Since her first appearance in 1980, Jennifer Walters, the Sensational She-Hulk, has largely been overshadowed by her more famous cousin. Despite an origin story by Stan Lee and appearing in fantastic stories by star creators such as John Byrne, Dan Slott and Peter David, She-Hulk has never managed to establish herself as an A-list character in the Marvel universe. This could be about to change in 2017.
After the death of Bruce Banner in Marvel’s “Civil War II” event, Jen Walters will headline her own series debuting in December 2016, titled simply “Hulk.” Marvel has promised that this will be a departure from the more lighthearted stories traditionally associated with the character, with an angrier She-Hulk struggling to deal with her recent trauma and loss. To whet your appetites for this launch, we’ve looked back through She-Hulk’s comic appearances to date, choosing (in chronological order) 15 of her very best moments.
15. Her Origin (“Savage She-Hulk” #1)
The first appearance of Jennifer Walters is notable for a number of reasons, including the fact that legendary Marvel creators Stan Lee and John Buscema were the creative team that introduced her. The rationale behind Jen’s transformation into She-Hulk (courtesy of a blood transfusion from her cousin, Bruce Banner) might have been crude, but there were enough signs, even at this early stage, to suggest that she was more than just a female counterpart of the Hulk.
Although, like the Hulk, anger was originally the trigger for Jen’s transformations, she was able to exert more control over both her transformations and actions. The contrast between the studious lawyer of Jen Walters and the Amazonian ferocity of She-Hulk echoed the Banner/Hulk dynamic, but the supporting cast of everyday people and places was a refreshing change, the Hulk having spent years on the run from Hulkbusters and army forces in his own title. As the name of the series implies, the She Hulk in these early issues was more savage than sensational, but the evolution of her character began here.
14. Joining The Avengers (“Avengers” #221-222)
She-Hulk’s first title was not a high seller and only lasted 25 issues. Despite her ties to the Hulk many of her initial adventures were on the fringes of the Marvel universe, fighting unmemorable foes such as the Man Elephant. Although a number of guest appearances in other titles followed her book’s cancellation, as well as a role in the high-profile “Marvel Superhero Contest of Champions” event, it wasn’t until she joined the Avengers in 1982 that the character reached a new level of popularity.
Being part of a team environment helped showcase how She-Hulk differed from her cousin. Increasingly portrayed as an extrovert who loved action and the limelight, Jen quickly bonded with her teammates, forming a close friendship with the Wasp and a playful antagonism with Hawkeye. Her first adventure featured the Wasp attempting to dress She Hulk in a typically garish costume, and culminated in She-Hulk battling the Masters of Evil in her underwear. It was immediately apparent, for both the Avengers and readers, that this Hulk was unlike any the team had seen before.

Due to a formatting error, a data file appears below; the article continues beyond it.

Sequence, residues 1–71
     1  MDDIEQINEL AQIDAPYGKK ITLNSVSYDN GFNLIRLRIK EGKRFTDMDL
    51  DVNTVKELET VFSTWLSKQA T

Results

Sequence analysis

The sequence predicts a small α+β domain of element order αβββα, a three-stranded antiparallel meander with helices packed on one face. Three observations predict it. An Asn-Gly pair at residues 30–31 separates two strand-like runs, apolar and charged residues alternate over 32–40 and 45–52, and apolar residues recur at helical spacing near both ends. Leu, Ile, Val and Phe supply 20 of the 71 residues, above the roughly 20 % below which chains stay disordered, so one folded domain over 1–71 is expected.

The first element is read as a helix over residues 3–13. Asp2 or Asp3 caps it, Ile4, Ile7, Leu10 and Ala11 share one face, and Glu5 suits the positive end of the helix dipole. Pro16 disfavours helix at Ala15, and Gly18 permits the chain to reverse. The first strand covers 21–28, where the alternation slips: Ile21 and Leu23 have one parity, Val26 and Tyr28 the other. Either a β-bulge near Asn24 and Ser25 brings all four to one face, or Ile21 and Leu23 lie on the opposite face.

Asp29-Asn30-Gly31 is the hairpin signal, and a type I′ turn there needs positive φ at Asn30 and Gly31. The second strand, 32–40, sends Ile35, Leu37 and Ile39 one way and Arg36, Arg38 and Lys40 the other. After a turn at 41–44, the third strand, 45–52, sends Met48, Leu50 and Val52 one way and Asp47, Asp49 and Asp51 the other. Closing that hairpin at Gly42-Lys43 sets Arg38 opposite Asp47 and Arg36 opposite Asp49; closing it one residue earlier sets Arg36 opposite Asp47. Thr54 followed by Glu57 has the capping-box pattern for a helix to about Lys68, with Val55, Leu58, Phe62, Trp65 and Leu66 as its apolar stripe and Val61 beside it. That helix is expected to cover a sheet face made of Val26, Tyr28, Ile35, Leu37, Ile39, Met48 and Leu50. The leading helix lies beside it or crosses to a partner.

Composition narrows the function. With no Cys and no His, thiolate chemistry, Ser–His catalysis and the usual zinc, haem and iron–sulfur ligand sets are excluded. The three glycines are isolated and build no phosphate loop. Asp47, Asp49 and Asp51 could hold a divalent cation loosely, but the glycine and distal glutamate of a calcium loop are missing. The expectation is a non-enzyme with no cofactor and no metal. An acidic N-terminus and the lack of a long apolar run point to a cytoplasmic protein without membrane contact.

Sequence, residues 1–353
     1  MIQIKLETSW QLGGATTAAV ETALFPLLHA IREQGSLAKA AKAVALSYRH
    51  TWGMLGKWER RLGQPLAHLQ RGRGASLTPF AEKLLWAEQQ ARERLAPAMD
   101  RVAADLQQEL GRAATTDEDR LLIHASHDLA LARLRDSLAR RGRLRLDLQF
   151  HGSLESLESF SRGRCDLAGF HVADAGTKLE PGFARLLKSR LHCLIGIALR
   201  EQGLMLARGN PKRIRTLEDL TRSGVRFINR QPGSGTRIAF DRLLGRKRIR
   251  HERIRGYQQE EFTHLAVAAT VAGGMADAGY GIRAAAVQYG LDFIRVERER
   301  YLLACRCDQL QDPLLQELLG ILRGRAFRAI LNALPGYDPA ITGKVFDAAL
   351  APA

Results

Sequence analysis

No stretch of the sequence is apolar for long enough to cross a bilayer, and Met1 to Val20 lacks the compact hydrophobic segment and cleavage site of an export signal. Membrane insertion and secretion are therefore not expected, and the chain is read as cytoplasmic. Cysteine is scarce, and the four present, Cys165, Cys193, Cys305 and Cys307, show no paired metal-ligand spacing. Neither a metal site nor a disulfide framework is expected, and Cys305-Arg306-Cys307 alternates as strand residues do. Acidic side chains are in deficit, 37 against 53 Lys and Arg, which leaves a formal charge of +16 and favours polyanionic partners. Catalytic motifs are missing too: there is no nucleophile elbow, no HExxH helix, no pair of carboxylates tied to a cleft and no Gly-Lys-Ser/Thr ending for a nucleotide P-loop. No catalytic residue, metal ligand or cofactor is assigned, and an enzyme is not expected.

13. Her Friendship With Hawkeye
Almost from the moment he joined the Avengers, Hawkeye had been portrayed as the team’s hothead. He was invariably the one to clash with leaders, be annoyed by demands from the government, or just generally start a fight in an empty room. Most of his teammates had learned long ago to tolerate his behavior, which was what made his relationship with She-Hulk so effective. When Hawkeye complained about her joining the team and questioned her effectiveness, Jen didn’t get mad or start smashing things; instead, she gave Clint a big kiss and left him on the floor, probably wondering what the heck had just happened.
This set the tone for the relationship between the two. More than teammates, the two are almost like siblings, with their bickering and banter concealing a deep affection for each other. Dan Slott made good use of this during his run on “She-Hulk” when Jennifer met a time-displaced Clint and attempted to warn him of his future death, regardless of the consequences for the time stream. With Clint having recently killed Bruce Banner, it remains to be seen whether this strong bond will endure or whether their next meeting will be a lot less friendly.
12. Battling An Army Of Bad Guys (“Secret Wars” #7)
With She-Hulk traditionally being a more down-to-earth, lighthearted character than the Hulk, it’s sometimes easy to forget just how strong she actually is. Jen rarely loses control to an excessive degree, making these times where she does cut loose even more impressive. One such instance was in the pages of Marvel’s “Secret Wars” limited series in 1984. Grief stricken and angry due to the apparent death of The Wasp, Jen set out on a solo mission to gain revenge on the villains responsible, coming very close to success.
She defeated the entire Wrecking Crew without breaking a sweat, the tide of battle only being turned when Titania entered the fray. In the end, it took the combined forces of numerous villains, including Doctor Octopus, Titania and The Wrecking Crew, to eventually put She-Hulk down for the count. This was an effective reminder to readers that, when provoked, She-Hulk could smash just as effectively as her cousin. It also, in the form of Titania, introduced a character who would become one of She-Hulk’s most persistent opponents, returning to fight her on numerous occasions.
11. Meeting The Press (“Fantastic Four” #275)
John Byrne’s run on “Fantastic Four” is rightfully praised, with Byrne taking the title in a number of interesting directions during his run. One of these was the replacement of the Thing with She-Hulk, after Ben Grimm opted to stay on Battleworld following the events of “Secret Wars.” Jen filled the strongman position vacated by the Thing, while the introduction of a new character into the family dynamic provided a number of interesting interactions.